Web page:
Squidboy treats his audience to imaginary chips, encouraging the recipients to mimic his gobbling sounds – Squidboy feasts on many a surprising thing during this show.
There is a strong thread within the play: repeated scenes, repeated actions and sounds, and an over-arching story line. This thread has many twists and turns which veer away and come back again. This isn’t just a mash of absurd ideas, it does have a structure you can follow and recognize, and either way, you come to expect the unexpected, so it is a perfectly comfortable show for those who might be wary of the ‘absurd’. Or forget about making sense of it and just sit and enjoy the physical and vocal brilliance of Trygve.
Awkward is rather fashionable these days, in performance, and those who can pull it off are brilliant, proven by Trygve’s performance, his gangly physicality and primary-school-boy-delivering-a-speech way of speaking is spot on and a joy to watch.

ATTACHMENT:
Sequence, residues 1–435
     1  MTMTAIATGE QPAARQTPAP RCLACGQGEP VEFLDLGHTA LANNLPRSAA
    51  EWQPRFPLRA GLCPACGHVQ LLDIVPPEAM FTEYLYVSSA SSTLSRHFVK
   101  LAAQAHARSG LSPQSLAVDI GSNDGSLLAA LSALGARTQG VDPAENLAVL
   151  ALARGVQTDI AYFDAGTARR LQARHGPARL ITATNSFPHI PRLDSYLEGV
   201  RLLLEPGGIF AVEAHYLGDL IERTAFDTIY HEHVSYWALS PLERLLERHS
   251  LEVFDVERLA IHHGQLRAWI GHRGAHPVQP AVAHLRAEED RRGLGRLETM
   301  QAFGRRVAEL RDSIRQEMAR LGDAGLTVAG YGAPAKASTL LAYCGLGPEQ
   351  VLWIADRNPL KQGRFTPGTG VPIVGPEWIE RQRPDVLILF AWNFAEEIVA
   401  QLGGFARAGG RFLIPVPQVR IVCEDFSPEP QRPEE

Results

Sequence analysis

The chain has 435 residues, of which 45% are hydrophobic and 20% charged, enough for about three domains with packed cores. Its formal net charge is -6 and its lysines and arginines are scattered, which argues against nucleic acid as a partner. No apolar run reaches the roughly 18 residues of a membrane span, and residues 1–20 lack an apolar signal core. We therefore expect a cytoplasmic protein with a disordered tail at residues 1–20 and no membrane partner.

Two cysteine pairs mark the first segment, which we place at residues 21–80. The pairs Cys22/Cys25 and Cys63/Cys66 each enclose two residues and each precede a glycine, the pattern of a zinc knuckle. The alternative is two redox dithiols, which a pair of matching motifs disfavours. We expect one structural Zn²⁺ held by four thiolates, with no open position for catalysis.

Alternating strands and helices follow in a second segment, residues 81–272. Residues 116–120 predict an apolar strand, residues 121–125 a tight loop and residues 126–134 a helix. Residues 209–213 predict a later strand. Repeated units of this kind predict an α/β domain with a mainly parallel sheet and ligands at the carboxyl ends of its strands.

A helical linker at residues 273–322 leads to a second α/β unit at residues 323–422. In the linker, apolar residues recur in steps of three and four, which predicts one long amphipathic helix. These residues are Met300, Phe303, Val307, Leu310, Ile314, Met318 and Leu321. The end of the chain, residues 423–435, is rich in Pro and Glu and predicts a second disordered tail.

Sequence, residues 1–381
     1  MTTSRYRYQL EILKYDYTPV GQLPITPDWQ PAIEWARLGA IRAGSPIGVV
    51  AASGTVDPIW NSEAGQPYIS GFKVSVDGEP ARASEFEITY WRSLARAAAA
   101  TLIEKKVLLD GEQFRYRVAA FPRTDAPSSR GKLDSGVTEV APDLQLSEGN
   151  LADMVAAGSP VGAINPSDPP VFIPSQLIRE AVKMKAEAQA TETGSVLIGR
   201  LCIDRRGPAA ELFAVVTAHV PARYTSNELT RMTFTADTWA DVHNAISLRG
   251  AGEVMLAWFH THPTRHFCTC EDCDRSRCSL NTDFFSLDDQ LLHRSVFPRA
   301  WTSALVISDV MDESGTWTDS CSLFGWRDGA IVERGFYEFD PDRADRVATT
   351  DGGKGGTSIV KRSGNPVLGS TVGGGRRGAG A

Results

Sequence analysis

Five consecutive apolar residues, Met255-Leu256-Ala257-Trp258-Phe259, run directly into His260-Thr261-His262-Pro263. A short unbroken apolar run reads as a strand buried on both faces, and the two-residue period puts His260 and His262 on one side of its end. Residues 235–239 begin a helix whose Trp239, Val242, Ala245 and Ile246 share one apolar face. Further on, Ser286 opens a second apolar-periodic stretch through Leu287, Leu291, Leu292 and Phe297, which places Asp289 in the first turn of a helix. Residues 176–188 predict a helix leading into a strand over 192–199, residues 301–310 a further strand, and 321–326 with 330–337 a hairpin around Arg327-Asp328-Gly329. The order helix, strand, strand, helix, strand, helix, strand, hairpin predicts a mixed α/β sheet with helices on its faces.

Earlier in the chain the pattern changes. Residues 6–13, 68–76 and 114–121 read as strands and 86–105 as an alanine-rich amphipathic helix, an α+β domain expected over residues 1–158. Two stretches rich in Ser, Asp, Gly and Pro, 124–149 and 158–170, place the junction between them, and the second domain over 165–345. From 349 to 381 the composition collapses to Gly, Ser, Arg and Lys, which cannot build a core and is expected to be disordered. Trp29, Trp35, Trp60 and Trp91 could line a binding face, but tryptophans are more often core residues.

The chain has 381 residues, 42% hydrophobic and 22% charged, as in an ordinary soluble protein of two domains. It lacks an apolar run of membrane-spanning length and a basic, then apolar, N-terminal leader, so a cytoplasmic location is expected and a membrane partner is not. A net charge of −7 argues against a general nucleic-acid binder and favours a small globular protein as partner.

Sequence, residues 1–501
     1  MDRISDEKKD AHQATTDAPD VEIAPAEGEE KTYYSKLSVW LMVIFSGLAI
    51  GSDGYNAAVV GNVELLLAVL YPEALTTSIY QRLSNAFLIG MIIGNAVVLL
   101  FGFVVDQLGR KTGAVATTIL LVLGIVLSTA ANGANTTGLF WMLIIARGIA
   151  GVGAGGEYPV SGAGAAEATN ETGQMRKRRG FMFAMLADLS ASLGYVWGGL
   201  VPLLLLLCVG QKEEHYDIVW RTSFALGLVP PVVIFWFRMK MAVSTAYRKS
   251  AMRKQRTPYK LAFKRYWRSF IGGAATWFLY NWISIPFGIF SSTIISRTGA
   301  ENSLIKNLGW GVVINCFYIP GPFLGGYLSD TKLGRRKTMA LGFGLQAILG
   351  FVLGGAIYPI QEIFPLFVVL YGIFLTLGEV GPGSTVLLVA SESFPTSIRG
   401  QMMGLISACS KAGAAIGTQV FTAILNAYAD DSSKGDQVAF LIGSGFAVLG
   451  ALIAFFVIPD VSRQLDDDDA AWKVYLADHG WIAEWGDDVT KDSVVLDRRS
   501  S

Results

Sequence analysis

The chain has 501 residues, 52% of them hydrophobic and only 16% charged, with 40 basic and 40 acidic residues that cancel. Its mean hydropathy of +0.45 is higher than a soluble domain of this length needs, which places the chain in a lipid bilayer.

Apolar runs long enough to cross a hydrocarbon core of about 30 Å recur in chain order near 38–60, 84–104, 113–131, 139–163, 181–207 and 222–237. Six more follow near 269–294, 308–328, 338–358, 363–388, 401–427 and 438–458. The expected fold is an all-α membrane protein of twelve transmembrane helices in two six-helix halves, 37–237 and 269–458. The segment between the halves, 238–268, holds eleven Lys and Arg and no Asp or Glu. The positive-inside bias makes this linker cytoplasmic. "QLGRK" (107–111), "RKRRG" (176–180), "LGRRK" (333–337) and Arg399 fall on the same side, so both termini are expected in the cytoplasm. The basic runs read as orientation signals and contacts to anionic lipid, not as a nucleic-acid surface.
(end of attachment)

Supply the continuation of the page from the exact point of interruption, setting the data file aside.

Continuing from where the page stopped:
There is an absolutely wonderful ‘date’ scene in which Trygve shows a more traditional ‘skit’ structure.
When watching him it’s easy to forget what a risky thing a show like this is. Imagine if an inadequate actor attempted to carry a whole show on his own, with no one to support him, with nothing on stage accept himself and his imaginary creations? It could be an utter, soul-destroying disaster, people would walk out or start to mutter. Trygve holds his audience the whole time, which I think is due to crafty construction of his piece, but also, just a rare charisma on stage and the power to have an audience on his side.